On to the second round!

Washington versus Pittsburgh (Stream Capitals-Penguins)

Brough: Capitals in 7
Halford: Penguins in 6
O’Brien: Capitals in 7
Gretz: Capitals in 7
Tucker: Capitals in 6
Alfieri: Capitals in 7
Random Thing Picker: Capitals

New York versus Ottawa (Stream Rangers-Senators)

Brough: Senators in 6
Halford: Senators in 7
O’Brien: Rangers in 7
Gretz: Rangers in 6
Tucker: Rangers in 6
Alfieri: Senators in 6
Random Thing Picker: Senators

St. Louis versus Nashville (Stream Blues-Predators)

Brough: Predators in 6
Halford: Blues in 7
O’Brien: Predators in 6
Gretz: Predators in 6
Tucker: Predators in 7
Alfieri: Predators in 6
Random Thing Picker: Blues

Anaheim versus Edmonton (Stream Ducks-Oilers)

Brough: Ducks in 7
Halford: Ducks in 6
O’Brien: Ducks in 6
Gretz: Oilers in 7
Tucker: Oilers in 6
Alfieri: Ducks in 6
Random Thing Picker: Ducks

Feel free to add your picks below…

Sharks say getting Jones, Vlasic signed before camp ‘a priority’

Getty
Leave a comment

Doug Wilson has a busy summer ahead.

Decisions need to be made on veteran leaders Patrick Marleau and Joe Thornton, both pending UFAs. Those figure to be crucial negotiations but, to hear the Sharks GM explain it, there are equally vital deals to be reached with goalie Martin Jones, and defenseman Marc-Edouard Vlasic.

“Both of them are extremely important to get under contract,” Wilson said yesterday, per NBC Sports California. “We can start those discussions in the next little while.”

Both Jones and Vlasic have one year remaining on their current deals, and are eligible to sign extensions on July 1. Wilson said it’s a “priority” to get them done before September’s training camp.

Jones, 27, is heading into the last of a three-year, $9 million deal with a $3M average annual cap hit. It’s safe to assume he’s in for a lengthy extension with a significant raise, given how good he’s been since joining the Sharks. He backstopped them to the Cup Final last season and has been one of the league’s busiest workhorses, starting 65 games in each of the last two years.

Vlasic, 30, has spent his entire 10-year career in San Jose. He’s developed a reputation as one of the league’s better defensive defensemen, strengthened by his role on Canada’s gold medal-winning side at the 2014 Olympics, and 2016 World Cup of Hockey.

Vlasic’s current deal — a five-year, $21.25 million pact — carries an average cap hit of $4.25M. Wilson didn’t mince words in describing how good he thinks Vlasic is.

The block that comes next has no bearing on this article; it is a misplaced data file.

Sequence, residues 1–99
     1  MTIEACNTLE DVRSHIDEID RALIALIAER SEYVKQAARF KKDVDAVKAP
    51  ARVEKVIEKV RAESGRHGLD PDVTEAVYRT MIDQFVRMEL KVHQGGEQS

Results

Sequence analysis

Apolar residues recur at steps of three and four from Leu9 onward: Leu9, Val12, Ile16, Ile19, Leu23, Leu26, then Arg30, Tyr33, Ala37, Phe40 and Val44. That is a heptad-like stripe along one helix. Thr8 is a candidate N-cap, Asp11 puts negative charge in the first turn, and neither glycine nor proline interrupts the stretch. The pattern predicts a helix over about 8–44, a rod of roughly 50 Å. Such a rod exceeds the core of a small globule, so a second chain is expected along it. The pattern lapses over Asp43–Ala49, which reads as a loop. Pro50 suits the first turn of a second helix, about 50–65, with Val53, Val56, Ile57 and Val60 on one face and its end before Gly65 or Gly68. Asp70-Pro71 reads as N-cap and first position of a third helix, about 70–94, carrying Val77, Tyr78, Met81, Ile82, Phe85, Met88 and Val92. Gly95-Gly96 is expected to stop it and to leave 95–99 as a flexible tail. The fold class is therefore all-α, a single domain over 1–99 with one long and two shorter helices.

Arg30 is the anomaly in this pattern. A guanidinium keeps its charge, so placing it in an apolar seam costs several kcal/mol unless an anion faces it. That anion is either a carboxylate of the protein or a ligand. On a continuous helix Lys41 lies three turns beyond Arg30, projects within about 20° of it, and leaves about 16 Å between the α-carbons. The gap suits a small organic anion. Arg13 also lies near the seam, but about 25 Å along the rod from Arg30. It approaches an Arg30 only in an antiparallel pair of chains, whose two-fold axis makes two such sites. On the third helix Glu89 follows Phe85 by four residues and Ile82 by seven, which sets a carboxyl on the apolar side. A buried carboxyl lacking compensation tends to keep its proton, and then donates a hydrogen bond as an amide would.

“Vlasic [is] arguably one of the best defensemen in the league,” he said. “Marc-Edouard is still one of the most underrated players in the league in the outside world.”

At this point, it’s fair to speculate when all these deals will get done. Wilson has a full plate with the four aforementioned negotiations, and also has to hammer out contracts for a trio of RFA forwards — Melker Karlsson, Joonas Donskoi and Chris Tierney.

Are the Leafs getting into ‘go for it’ territory?

Getty
6 Comments

Two years ago, Mike Babcock came to Toronto and predicted there would be “pain.”

He was right for one year. The Maple Leafs finished dead last in 2015-16, then got Auston Matthews as a reward.

But the pain didn’t last long, in large part thanks to Matthews. The Leafs made the playoffs in Babcock’s second season as head coach, and they even gave the Washington Capitals a good scare in the first round.

Now the question has to be asked — should the Leafs start going for it?

Your first instinct may be to laugh. But it is not such a ridiculous question when you consider Sidney Crosby, Evgeni Malkin, Jonathan Toews, Patrick Kane, Anze Kopitar, and Drew Doughty were all in their early 20s when they won the Stanley Cup for the first time.

Mathews turns 20 in September, and he’s already one of the NHL’s best centers. Wingers William Nylander, 20, and Mitch Marner, 19, aren’t too bad either, and neither is 26-year-old center Nazem Kadri.

All four of those forwards are under club control for years to come. Also locked up long term is starting goalie Frederik Andersen.

If there’s a weakness, it’s the back end. Morgan Rielly, Jake Gardiner, and Nikita Zaitsev can all move the puck well, but defensively they’re still suspect. What the Leafs could really use is a top-four defenseman who can match the Leafs’ pace while also killing penalties and shutting down the opposition’s top players. And if he can play the right side, even better.

Of course, you know who else could use a defenseman like that? The other 30 teams. Top-four defensemen are not cheap to get on the trade market. Just ask the Edmonton Oilers.

Leafs GM Lou Lamoriello met with the media Tuesday to reflect on the season, and also give his thoughts on the future. He said the Leafs have to be careful not to get complacent, that it only gets harder now. He was asked about the market for defensemen. He said it’s hard to gauge because of the expansion draft.

But Lamoriello also said, “There’s a five-year plan that changes every day.”

Which would suggest the Leafs are willing to accelerate their schedule — that they may, in fact, see an opportunity to compete for the Cup a lot sooner than they originally thought possible.

Consider:

The Penguins went from out of the playoffs in ’06, to losing in the first round in ’07, to the Stanley Cup Final in ’08, then won it all in ’09.

The Blackhawks went from out of the playoffs in ’08, to the conference finals in ’09, to a championship in ’10.

The Kings went from out of the playoffs in ’09 to winning the Cup in ’12.

So… if you were the Leafs, wouldn’t you see an opportunity, too?